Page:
Hazing Defined

Hazing Defined in New York

phillips & associates attorneys at law defines Hazing 

Hazing can be damaging to the psyches of its sufferers, and consequences can range from physical injuries and sexual injuries to long-lasting emotional distress, depression, insomnia, and long-term changes in interests or personality. If you are personally looking to have hazing defined because of personal experience and were subject to any type of hazing injuries, call Phillips & Associates trusted attorneys. We are lawyers dedicated to securing justice for wounded persons of sexual and physical abuse from hazing in institutional settings and organizations. Our firm offers free initial consultations and represents clients on a contingency fee positive outcome basis.

How are TYPES OF HAZING defined?

There are many types of hazing as the term includes any humiliating, degrading, abusive, or endangering activity that is expected of someone who joins or participates in a group, regardless of the person’s willingness to participate. Hazing occurs in group contexts and happens regardless of consent. Your willingness to participate does not shield another party from being held accountable for abusive hazing. When a persuasively threatening group environment is involved, certain power dynamics and peer pressure are at play, and consent doesn’t mean the same thing it means in other contexts. People can be abused because of their desire to belong to a group. You may be able to bring a lawsuit if you were subject to a type of hazing that resulted in injuries or harm to you. As a parent, you may be able to hold responsible parties accountable if your child died as a result of hazing.

The following are types of hazing: 

  •  Sexual shaming 
  • Verbal sexual threats 
  • Physical penetration or improper touching 
  • Gang rape 
  • Simulation of sex acts 
  • Perpetration of sex acts
  •  Forced nudity including being forced to walk around nude 
  • Forced consumption of too much food or liquid 
  • Participation in sexual assaults and rituals 
  • Sleep deprivation 
  • Whipping, flogging, paddling or other physical abuse 
  • Degrading or mentally abusive conduct 
  • Acts that could cause emotional, mental, or physical deprivation of harm 
  • Tattooing 
  • Branding 
  • Exposure to the elements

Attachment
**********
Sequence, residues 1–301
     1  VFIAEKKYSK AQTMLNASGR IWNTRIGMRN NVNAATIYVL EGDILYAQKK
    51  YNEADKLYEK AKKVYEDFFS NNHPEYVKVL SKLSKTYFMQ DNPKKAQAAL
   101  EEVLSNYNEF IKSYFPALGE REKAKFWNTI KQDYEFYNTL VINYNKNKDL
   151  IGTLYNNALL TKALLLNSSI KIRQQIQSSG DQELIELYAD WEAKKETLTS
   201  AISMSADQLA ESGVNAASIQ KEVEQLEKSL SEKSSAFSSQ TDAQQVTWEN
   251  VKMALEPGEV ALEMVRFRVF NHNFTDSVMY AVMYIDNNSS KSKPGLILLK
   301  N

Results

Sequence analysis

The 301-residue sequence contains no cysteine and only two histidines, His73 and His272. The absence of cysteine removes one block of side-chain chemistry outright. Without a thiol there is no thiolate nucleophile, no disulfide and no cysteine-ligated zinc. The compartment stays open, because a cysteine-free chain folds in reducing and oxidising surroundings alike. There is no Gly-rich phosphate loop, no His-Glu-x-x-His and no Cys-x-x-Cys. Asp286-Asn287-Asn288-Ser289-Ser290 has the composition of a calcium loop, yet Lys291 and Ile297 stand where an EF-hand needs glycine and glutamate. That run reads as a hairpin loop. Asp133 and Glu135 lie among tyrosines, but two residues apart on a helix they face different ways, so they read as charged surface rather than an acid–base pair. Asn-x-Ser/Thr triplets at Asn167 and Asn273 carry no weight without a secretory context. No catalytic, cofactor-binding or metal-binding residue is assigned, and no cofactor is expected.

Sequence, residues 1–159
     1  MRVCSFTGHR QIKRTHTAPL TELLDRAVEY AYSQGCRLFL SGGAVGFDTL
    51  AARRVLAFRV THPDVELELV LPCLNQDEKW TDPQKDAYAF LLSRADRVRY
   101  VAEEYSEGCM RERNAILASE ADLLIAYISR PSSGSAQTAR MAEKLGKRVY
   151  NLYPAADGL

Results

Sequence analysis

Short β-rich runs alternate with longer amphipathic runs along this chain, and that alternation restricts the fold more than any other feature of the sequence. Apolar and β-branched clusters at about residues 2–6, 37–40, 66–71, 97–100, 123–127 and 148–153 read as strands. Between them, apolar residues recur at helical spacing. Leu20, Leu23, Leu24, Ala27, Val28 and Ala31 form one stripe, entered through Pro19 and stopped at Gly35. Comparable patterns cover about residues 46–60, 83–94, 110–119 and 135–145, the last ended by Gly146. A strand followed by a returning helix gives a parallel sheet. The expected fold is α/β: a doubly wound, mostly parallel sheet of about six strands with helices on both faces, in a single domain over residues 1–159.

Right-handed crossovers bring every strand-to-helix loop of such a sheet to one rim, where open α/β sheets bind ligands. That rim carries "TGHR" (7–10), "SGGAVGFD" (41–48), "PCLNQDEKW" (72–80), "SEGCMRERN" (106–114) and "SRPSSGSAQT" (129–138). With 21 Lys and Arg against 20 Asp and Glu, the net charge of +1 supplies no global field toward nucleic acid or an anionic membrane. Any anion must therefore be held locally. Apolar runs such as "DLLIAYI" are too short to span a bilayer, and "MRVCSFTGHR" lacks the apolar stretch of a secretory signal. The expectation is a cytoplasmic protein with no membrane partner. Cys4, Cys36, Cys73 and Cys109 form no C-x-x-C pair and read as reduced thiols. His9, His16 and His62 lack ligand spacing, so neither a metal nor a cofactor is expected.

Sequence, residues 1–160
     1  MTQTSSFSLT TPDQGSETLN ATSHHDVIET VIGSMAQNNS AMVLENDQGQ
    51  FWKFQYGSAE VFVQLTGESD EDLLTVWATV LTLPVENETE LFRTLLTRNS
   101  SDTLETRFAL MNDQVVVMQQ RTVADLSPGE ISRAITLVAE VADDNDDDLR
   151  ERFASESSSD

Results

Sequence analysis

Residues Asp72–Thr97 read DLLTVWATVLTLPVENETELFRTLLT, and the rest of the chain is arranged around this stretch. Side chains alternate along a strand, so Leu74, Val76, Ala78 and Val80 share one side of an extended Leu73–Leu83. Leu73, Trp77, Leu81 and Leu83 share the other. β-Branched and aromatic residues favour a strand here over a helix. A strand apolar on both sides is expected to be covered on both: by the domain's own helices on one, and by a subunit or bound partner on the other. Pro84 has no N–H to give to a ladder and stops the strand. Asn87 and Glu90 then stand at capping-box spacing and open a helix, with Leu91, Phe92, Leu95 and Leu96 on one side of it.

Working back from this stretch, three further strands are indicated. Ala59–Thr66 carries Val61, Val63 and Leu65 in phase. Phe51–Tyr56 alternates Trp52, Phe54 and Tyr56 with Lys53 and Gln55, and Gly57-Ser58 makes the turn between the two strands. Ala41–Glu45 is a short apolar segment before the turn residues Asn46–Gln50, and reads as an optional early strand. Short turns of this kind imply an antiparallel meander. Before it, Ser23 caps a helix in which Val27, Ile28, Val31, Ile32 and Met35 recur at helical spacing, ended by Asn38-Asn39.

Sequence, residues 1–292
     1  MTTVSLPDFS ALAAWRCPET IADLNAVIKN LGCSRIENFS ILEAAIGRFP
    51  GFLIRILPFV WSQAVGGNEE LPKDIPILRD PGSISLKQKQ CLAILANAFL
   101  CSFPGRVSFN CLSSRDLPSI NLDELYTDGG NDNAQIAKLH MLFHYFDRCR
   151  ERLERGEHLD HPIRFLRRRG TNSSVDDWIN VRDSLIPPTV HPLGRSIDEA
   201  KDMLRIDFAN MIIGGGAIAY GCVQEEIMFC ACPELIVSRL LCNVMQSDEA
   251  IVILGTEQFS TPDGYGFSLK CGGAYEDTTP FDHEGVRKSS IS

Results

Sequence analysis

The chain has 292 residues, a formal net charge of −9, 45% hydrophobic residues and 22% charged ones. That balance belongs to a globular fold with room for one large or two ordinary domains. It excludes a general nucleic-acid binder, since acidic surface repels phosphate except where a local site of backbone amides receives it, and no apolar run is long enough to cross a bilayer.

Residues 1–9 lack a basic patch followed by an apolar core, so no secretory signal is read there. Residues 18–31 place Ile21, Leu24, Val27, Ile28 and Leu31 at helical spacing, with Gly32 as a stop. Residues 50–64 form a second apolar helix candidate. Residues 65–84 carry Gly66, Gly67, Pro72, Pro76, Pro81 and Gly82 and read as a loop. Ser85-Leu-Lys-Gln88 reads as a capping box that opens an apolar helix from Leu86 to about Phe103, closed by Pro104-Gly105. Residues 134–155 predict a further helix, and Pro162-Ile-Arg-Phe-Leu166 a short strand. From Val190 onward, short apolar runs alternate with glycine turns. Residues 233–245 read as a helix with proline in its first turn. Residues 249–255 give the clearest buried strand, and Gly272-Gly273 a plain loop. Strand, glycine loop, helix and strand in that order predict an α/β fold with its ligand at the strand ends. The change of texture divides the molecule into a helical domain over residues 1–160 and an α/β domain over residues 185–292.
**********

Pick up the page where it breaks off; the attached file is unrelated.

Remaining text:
Hazing can result in sexual, physical or emotional injuries. For example, if you were subject to gang rape in a college hazing incident, you could suffer from depression, humiliation, insomnia, emotional distress, anxiety, PTSD, as well as physical injuries. These could result in losses that may be recovered in a lawsuit. For another example, if our attorneys are able to prove you were required to expose yourself for a prolonged period to snow and ice as part of a fraternity hazing ritual for new initiates, and you suffered hypothermia, frostbite, immersion foot, emotional distress, humiliation, depression, and other injuries as a result, you would be able to recover damages that flow from those losses.


Under New York Penal Law $120.16, hazing happens when an initiate is required to intentionally or recklessly engage in behavior that carries a risk of substantial physical injury to himself or others. It is a Class A misdemeanor when committed in the first degree. Additionally, the perpetrator of hazing, whether an individual or an institution that sponsored it, may be held accountable in a lawsuit for compensatory or punitive damages. The criminal conviction can have consequences for a civil suit, even though these are separate proceedings, which makes it imperative to talk to our plaintiffs’ attorneys as soon as possible if you believe you have a claim. Evidence from the criminal case may be essential to your civil lawsuit, since plaintiffs bear the burden of proof when suing for damages.


Hazing is a crime in 44 out of 50 states. However, the enforcement and strength of these laws vary significantly. In some states, only college or fraternity-related hazing is prohibited.


There are various types of hazing that cause long-lasting harm. Our New York City attorneys represent those who have been hazed in New York including Manhattan, Brooklyn, the Bronx, Queens, Staten Island, Suffolk County, and Nassau County. We are also in Florida, New Jersey, Pennsylvania, and can help throughout the U.S. Complete our online form or call us at (212) 248-7431 if you believe you or your child may have a claim. We represent clients on a contingency fee basis and provide free consultations.

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